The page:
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Torn Apart: San Children as Change Agents in a Process of Acculturation; A Report on the Educational Situation of San Children i

A diverse group of researchers, educators and San fieldworkers, among others, helped to compile this report by Willemien Le Roux for the Working Group of Indigenous Minorities in Southern Africa. This cooperation has resulted in a dense survey of the histories and present state of education of San groups in South Africa, Namibia and Botswana. In seeking to explain the ongoing marginalisation of the San, the authors do not shy away from addressing the reasons for San children's high dropout rate from school. Le Roux concludes that the present system of education -- where it exists at all and is deemed useful by parents -- remains problematic for San children despite their rapid acculturation. Children still face enormous cultural and material problems in adapting to mainstream education: hunger, discrimination and language difficulties are just the tip of the iceberg. Faced with the expectations of both parents and teachers, San children are burdened with demands from both sides that they presently cannot meet.

"Why are we not in control?" asks one San voice. Parents see their children as instrumental in gaining access to the world of employment and political power. San people all over southern Africa believe in a conspiracy among the more assertive ethnic groups who have claimed San land. Those with this power, San people feel, are in league to prevent them from organizing and seeking redress of past injustices. They feel that the only way to access education is to accept handouts from the very system keeping them down. This situation has created a mood of withdrawal among the San, resulting in apathy, an escape into substance abuse, or both. At the same time, San parents believe that once their children are educated to understand "the system" from which they feel excluded, they will be able to promote San interests. In doing research, opposite opinions emerged: non-San people insisted that the "San are not interested in education," whereas San parents clearly valued it. This report concludes that San children need a special system of education in order to succeed: a system in which the richness and uniqueness of San culture and language are valued. Presently, the schoolchild feels worthless from her first day of school, where the teaching begins in a language that is not her own, where English is soon added as a second language, and where none of the San people's skills are ever included. Instead of a one-way indoctrination in Western concepts, the authors recommend an exchange, where traditional knowledge and values would be integrated into the current Western-oriented curriculum. Such a project can only succeed with active involvement and control by the community itself. Even if there is no consensus within the group, San parents should engage in a dialogue with the providers of education: government officials, teachers, NGOs, and donor agencies.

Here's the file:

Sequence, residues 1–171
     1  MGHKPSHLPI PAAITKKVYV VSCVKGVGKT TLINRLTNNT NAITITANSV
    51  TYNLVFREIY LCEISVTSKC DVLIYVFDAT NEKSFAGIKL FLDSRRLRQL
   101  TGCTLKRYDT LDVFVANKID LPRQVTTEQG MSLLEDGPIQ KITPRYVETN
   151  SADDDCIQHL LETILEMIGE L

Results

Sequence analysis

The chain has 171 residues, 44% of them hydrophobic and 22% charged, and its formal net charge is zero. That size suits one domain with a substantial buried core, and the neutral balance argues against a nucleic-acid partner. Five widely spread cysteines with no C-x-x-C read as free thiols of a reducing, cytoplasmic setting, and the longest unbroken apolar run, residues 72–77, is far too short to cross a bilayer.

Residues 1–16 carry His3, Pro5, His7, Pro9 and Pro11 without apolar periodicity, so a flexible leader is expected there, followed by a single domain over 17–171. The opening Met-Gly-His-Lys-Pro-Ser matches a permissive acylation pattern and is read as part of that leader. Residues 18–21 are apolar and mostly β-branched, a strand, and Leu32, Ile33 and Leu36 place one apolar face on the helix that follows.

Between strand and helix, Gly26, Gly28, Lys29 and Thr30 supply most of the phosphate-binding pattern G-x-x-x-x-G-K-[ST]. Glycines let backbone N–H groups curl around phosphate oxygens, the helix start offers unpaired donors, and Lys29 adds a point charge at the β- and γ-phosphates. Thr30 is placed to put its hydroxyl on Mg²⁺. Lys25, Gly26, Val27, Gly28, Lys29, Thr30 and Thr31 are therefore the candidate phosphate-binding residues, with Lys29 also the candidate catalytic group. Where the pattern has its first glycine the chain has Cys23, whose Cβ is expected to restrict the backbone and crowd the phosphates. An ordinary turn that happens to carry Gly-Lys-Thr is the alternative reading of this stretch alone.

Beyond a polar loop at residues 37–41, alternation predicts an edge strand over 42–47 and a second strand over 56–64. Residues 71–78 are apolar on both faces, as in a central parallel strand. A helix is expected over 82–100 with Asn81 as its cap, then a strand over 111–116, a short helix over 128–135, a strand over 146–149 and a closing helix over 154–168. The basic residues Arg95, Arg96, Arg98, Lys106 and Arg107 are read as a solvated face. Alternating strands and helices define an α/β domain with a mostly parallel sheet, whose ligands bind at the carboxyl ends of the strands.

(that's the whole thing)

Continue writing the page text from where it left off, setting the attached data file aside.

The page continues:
A team researching for Listen to Us: San Children on the Road to Education, a documentary film funded by UNICEF, provided valuable additional information to the report. The appendices also include a paper by Jennifer Hays (SUNY) entitled "Global Problems, Local Solutions: An Overview of Indigenous Peoples in Education Systems Worldwide." Ms. Hays outlines opposite approaches to indigenous education: integration and assimilation versus preservation.

The authors conclude that even while there is no consensus among indigenous communities on the solution to their problem of education, decisions about the approach taken belong within the community. Local complexities must be recognized and a balance must be sought between community involvement and demands by the dominant society. Ideally, the outcome would be a dialogue that respects the legitimacy of all cultures involved. In the case of San children, it can only be hoped that without further delay many of this report's recommendations can be followed up. Donor agencies and NGOs should make use of this excellent handbook; even partial implementation of its suggestions would mean a turnaround for San children and the best guarantee for the survival of the San peoples of southern Africa.

Article copyright Cultural Survival, Inc.

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